Editorial Notes

Seoul and Tokyo running out of time to solve forced labour issue: Korea Herald

It appears difficult to work out a diplomatic solution, with South Korean President Moon Jae-in’s five-year tenure ending next May and Japanese Prime Minister Yoshihide Suga struggling to stay in power, says the paper.

Seoul-Tokyo ties seem to have been further strained in the wake of South Korean President Moon Jae-in’s decision not to attend the opening ceremony of the Tokyo Olympic Games last month. PHOTO: REUTERS

SEOUL (THE KOREA HERALD/ASIA NEWS NETWORK) - A recent court ruling in South Korea has heightened the need for Seoul and Tokyo to step up efforts towards a diplomatic solution to the longstanding issue of compensation to South Korean men forced to work for Japanese firms during Japan's colonial rule of the Korean peninsula.

The Anyang branch of the Suwon District Court earlier this month ordered the seizure of about 850 million won (S$988,000) worth of bonds held by a subsidiary of Japan's Mitsubishi Heavy Industries in a local company to provide compensation to four of the forced labour victims.

In October 2018, South Korea's Supreme Court made a landmark verdict that ordered Mitsubishi Heavy Industries to pay 80 million won to 150 million won in damages to each of the four victims who filed a compensation suit against it.

The Japanese firm has refused to follow the ruling, citing "legal obstacles to the forcible execution of the order".

The latest ruling, if upheld by the upper court despite a possible appeal from the subsidiary of Mitsubishi Heavy Industries, would make it easier to secure cash to provide compensation to the victims.

But the measure is certain to further aggravate Seoul-Tokyo ties, which are strained over issues stemming from Japan's 1910-1945 colonisation of the peninsula.

Japan's government spokesman, Chief Cabinet Secretary Katsunobu Kato, told reporters last week that a possible liquidation of assets held by a Japanese company in South Korea would push bilateral relations into "a serious situation".

Tokyo has argued that all reparation issues between the countries were settled in a final and complete manner under a 1965 treaty that normalised bilateral ties.

The seizure of a Japanese firm's bonds in a South Korean company would also risk rattling the foundation of bilateral trade. Many Japanese firms involved in the wartime forced labour would shun South Korean businesses.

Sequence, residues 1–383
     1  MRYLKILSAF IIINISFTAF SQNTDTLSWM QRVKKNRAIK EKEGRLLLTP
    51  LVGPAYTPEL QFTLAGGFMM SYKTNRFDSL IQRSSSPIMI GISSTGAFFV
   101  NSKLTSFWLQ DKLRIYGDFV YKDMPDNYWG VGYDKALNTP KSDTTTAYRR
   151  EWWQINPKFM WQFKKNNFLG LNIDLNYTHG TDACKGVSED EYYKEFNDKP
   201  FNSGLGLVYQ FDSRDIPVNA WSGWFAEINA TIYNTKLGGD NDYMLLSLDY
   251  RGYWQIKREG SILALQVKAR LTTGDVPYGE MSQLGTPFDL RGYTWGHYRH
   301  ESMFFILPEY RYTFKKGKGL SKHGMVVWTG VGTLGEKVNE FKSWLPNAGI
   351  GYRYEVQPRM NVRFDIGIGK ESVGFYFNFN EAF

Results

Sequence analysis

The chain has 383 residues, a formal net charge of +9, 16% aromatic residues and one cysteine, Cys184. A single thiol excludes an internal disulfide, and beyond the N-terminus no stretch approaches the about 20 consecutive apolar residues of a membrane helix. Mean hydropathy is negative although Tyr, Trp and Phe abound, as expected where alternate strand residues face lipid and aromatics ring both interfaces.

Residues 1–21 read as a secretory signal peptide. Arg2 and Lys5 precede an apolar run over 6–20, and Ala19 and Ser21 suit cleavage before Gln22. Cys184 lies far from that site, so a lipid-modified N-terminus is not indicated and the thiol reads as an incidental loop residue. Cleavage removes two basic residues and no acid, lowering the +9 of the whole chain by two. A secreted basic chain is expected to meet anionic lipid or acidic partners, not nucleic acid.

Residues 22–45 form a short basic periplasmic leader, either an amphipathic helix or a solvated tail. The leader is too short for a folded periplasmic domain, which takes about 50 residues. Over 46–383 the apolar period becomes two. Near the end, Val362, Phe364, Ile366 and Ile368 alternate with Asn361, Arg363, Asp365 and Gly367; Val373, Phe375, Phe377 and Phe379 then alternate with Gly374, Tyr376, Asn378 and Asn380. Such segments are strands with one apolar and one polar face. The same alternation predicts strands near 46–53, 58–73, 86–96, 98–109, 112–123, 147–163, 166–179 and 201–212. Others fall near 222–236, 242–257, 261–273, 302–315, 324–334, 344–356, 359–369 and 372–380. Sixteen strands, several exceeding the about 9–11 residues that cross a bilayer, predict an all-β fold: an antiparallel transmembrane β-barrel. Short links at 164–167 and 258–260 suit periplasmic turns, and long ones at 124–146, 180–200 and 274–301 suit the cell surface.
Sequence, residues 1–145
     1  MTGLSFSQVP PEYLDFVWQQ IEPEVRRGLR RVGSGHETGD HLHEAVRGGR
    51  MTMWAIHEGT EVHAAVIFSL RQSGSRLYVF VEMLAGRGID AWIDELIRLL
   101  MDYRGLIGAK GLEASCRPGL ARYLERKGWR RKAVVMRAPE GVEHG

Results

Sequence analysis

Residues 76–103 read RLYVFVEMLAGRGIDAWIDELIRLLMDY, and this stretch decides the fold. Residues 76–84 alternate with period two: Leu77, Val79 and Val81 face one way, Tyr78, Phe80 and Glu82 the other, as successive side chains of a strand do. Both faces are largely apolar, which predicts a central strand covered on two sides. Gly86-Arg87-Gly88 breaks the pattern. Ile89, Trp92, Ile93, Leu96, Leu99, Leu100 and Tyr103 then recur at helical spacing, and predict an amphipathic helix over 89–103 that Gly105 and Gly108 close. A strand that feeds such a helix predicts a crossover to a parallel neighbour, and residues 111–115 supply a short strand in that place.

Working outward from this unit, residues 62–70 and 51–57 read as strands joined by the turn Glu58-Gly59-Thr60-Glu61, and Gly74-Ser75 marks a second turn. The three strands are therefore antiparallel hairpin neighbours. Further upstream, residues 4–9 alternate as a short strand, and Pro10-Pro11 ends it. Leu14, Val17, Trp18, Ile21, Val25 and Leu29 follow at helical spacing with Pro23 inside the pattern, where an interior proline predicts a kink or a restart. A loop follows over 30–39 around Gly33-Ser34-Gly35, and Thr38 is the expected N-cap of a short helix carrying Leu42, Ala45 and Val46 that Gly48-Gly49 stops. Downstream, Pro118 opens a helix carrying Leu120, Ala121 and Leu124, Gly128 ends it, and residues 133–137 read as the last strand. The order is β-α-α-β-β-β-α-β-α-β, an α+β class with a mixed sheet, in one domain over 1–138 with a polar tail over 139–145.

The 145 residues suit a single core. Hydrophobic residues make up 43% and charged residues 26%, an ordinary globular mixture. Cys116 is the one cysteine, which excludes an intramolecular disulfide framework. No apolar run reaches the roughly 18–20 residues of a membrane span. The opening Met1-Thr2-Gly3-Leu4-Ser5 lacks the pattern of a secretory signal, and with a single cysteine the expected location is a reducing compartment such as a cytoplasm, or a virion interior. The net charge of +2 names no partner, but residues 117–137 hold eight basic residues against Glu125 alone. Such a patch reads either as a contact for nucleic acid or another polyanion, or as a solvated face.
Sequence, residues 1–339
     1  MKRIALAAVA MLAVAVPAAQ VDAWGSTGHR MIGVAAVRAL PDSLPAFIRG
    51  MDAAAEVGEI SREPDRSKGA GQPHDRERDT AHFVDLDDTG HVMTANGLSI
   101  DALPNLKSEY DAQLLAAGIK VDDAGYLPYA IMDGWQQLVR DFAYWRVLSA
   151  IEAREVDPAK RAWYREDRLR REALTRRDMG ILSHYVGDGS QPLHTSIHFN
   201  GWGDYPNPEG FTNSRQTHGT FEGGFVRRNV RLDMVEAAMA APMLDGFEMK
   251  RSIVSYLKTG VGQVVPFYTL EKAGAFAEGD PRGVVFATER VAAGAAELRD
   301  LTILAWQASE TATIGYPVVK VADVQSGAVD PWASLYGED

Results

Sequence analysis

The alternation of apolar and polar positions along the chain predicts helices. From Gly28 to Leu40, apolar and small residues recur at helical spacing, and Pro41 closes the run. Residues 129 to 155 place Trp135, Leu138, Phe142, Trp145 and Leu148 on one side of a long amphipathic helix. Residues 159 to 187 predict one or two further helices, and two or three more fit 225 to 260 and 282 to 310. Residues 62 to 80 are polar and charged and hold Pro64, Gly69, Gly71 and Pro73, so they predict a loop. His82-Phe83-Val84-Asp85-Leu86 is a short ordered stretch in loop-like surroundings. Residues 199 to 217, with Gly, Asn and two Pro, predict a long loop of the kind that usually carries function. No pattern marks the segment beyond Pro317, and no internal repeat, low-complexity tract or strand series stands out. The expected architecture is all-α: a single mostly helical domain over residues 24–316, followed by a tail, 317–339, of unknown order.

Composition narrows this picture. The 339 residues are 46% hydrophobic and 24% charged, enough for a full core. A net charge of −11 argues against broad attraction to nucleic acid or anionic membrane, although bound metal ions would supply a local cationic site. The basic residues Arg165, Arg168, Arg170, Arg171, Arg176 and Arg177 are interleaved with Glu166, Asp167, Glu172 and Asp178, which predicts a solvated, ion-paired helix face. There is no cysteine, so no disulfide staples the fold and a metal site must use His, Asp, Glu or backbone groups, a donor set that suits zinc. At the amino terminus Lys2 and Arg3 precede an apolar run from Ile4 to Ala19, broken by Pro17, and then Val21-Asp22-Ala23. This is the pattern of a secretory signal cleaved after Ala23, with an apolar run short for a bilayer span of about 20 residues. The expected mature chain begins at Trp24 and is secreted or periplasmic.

South Korean President Moon Jae-in's administration has been criticised for being negligent in working out diplomatic solutions to the forced labour and other historical issues with Tokyo, letting them be complicated by court rulings here.

Since late last year, Mr Moon and his aides have expressed intention to handle discord with Japan in a more flexible way.

In a news conference in January, Mr Moon said it was undesirable to cash in assets held by Japanese companies here for compensating South Korean victims forced to work for them during the colonial era.

He stressed that priority should be given to finding a diplomatic solution to prevent disputes over historical matters from holding back the two countries from building a forward-looking partnership.

But little progress has been made in turning his rhetoric into substantial action.


Rather, Seoul-Tokyo ties seem to have been further strained in the wake of Mr Moon's decision not to attend the opening ceremony of the Tokyo Olympic Games last month.

The decision was made as Mr Moon was disappointed with the Japanese government's refusal to take what Seoul saw as a reciprocal measure needed to move forward bilateral relations.

Mr Moon and his aides were said to specifically hope that Tokyo would lift curbs on the export of high-tech materials to South Korea, which it imposed in an apparent reprisal for the 2018 ruling by the top court here.

Seoul and Tokyo are now running against time to work out a diplomatic solution, as the legal process for compensation to the forced labour victims has taken a more concrete form.

What is worrying is that it appears difficult to build momentum to move in that direction both in Seoul and Tokyo, with Mr Moon's five-year tenure ending next May and Japanese Prime Minister Yoshihide Suga struggling to stay in power amid plummeting approval ratings.

But they still need to step up efforts to resolve the longstanding reparations issue through a diplomatic and political framework. The two leaders should consider meeting in person to make a breakthrough in frayed ties between their nations.

Politicians and civic leaders in South Korea and Japan alike are also urged to try to help find and implement a mutually acceptable solution.

Complicated issues between sovereign states cannot be left solely to judicial proceedings in one country. Certainly, a judicial ruling should not be disregarded, but it cannot be used as a pretext for abandoning diplomatic efforts.

  • The Korea Herald is a member of The Straits Times media partner Asia News Network, an alliance of 23 news media organisations.

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